Following the global financial crisis in 2008-2009, a new culture of frugality has set in among U.S. consumers. This has benefited dollar-store operators like Dollar General (NYSE: DG ) and Family Dollar (NYSE: FDO ) , which have grown their earnings by five year compound annual growth rates, or CAGRs, of 57% and 14%, respectively. In contrast, retail giant Wal-Mart (NYSE: WMT ) has seen its net income increase by a more modest annualized 4% over the same period. While the near-term outlook looks bright for dollar stores based on their recent financial results, this could potentially mislead observers as dollar stores don't have long-term sustainable competitive advantages over Wal-Mart.
Leaving no stone unturned
While Wal-Mart has been traditionally associated with the broad product assortments and "everyday low prices" offered by its Supercenters, it announced expansion plans in February 2014 which involved accelerating small-store growth. This will enable Wal-Mart to capture a customer's entire shopping share from quick fill-ins to complete stock-ups.
The dollar stores had appealed to frugal consumers for two key reasons: convenience and price. Dollar stores are typically located closer to consumers than Wal-Mart's Supercenters are and they sold smaller packs of items which allowed consumers to spend less on a per-basket basis (but more on a per-unit basis). This dynamic will change with Wal-Mart's small-store expansion plans.
As of February 2014, Wal-Mart operates 346 Neighborhood Markets and 20 Wal-Mart Express stores. Neighborhood Markets stores will meet consumers' demand for food purchases while Express stores will give customers the convenience of dropping by nearby locations for occasional purchases. Both formats have delivered outstanding results for Wal-Mart, with Neighborhood Market stores growing their fiscal 2014 comparable sales by 4% and Express stores performing well in their initial three-market pilot. Wal-Mart plans to add approximately 270 to 300 small stores in the new fiscal year.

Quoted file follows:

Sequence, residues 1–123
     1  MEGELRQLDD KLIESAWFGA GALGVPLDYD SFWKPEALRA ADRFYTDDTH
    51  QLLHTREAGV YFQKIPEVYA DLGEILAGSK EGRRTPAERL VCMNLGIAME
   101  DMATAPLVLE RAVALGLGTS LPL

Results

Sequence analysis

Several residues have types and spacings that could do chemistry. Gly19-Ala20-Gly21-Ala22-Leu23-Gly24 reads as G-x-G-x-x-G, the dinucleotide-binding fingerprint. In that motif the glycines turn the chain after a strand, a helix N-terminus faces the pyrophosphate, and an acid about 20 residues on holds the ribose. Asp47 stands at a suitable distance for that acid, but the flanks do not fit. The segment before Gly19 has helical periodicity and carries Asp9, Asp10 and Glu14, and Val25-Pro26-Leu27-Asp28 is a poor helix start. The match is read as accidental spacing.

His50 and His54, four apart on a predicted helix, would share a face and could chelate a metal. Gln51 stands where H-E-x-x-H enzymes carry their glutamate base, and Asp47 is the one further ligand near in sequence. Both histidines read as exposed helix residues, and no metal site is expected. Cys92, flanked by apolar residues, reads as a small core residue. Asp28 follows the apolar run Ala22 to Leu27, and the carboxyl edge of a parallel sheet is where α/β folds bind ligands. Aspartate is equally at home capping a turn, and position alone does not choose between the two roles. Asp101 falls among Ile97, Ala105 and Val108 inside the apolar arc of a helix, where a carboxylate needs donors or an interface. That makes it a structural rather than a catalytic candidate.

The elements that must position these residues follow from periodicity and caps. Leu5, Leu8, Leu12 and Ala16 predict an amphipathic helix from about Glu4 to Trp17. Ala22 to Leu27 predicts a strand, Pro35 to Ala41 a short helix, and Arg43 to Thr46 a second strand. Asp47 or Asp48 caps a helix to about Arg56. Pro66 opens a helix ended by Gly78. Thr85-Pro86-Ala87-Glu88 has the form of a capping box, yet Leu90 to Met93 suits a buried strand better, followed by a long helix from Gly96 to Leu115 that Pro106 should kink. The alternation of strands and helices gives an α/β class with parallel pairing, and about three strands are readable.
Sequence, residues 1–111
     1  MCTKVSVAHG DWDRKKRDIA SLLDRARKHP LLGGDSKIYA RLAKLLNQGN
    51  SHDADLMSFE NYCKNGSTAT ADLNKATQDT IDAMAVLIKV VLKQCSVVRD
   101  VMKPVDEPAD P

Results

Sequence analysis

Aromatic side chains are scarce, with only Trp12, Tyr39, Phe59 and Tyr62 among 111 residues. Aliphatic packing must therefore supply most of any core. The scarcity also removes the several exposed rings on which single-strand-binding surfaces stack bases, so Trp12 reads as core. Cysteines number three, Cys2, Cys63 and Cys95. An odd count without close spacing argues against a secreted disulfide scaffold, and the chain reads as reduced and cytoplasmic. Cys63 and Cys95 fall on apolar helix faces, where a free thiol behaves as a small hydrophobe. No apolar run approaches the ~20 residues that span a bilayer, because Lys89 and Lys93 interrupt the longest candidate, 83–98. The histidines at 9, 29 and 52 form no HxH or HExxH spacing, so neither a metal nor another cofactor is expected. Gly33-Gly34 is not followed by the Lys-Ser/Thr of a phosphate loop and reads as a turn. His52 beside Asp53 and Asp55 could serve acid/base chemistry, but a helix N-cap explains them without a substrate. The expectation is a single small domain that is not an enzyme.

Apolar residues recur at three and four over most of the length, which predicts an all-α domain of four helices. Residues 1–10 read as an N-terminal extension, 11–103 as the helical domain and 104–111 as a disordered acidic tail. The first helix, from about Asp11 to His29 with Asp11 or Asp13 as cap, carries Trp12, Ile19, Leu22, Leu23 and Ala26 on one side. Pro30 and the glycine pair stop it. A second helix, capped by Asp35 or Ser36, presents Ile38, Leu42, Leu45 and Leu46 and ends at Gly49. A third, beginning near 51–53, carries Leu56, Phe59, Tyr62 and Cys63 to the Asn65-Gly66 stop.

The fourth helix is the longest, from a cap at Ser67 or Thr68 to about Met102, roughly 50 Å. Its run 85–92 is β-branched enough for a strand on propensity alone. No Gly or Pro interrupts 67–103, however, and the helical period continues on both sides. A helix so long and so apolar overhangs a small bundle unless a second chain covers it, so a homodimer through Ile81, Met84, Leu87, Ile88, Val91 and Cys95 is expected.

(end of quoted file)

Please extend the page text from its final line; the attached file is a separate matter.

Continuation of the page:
The new small stores opened by Wal-Mart will be more conveniently located near consumers and they will offer more products in different packet sizes, which will thereby negate any perceived advantages of dollar stores.
Source: Dollar General
The outperforming dollar store
As the largest dollar store operator in the U.S. with more than 11,000 stores located across the country, Dollar General has been the key beneficiary of the increased frugality of consumers. In the fourth quarter of 2013, Dollar General achieved its twenty-fourth consecutive year of same-store sales growth and it also delivered record quarterly sales, operating profit, and net income.
As Wal-Mart and other retailers open competing small-store formats, this will greatly diminish Dollar General's convenience-based selling points. Low pricing remains Dollar General's key attraction. Dollar General prices most of the products it sells at $10 or less, with a quarter of them selling for less than a dollar. As a result, Dollar General has plans in place to reduce costs so that it can remain price-competitive. These plans include simplifying store processes to reduce in-store labor; centralized procurement; a reduction in inventory shrinkage rates; and an increase in private-brand penetration.
Despite such strategic plans to reduce costs and remain price-competitive, I don't think that Dollar General can match up to Wal-Mart with respect to purchasing power and subsequently cost savings. Furthermore, Wal-Mart will be able to provide a wider range of products at lower prices, relative to that of Dollar General, at its smaller-store formats.
The underperforming dollar store
While most dollar store operators like Dollar General have reported outstanding results, Family Dollar has comparatively been an underperformer. Family Dollar's recently announced strategic actions, at the time of its second-quarter 2014 results, have set alarm bells ringing in the industry. Firstly, it will close about 370 stores that have been underperforming. Secondly, Family Dollar will reduce its cost structure by trimming corporate overhead and realigning key organizational functions. Thirdly, it has pledged to make investments to lower its prices on close to 1,000 basic items.
It is worth examining these actions in greater detail to draw insights into the challenges that dollar stores face. The decisions to close 370 underperforming stores and slow new store growth from approximately 525 new stores in fiscal 2014 to 350-400 new store openings in fiscal 2015 suggest that supply has caught up with demand with respect to new entrants. On the other hand, Family Dollar's actions to reduce costs and lower prices suggest that competitors such as Wal-Mart provide similar or even better customer-value propositions in comparison with Family Dollar.
Foolish final thoughts
It is easy to get carried away with the recent financial performances of dollar-store operators like Dollar General. However, the dollar store bubble looks like it could burst at any time. Wal-Mart remains the king of retail and it should cement this position in the foreseeable future with its small-store expansion plans.
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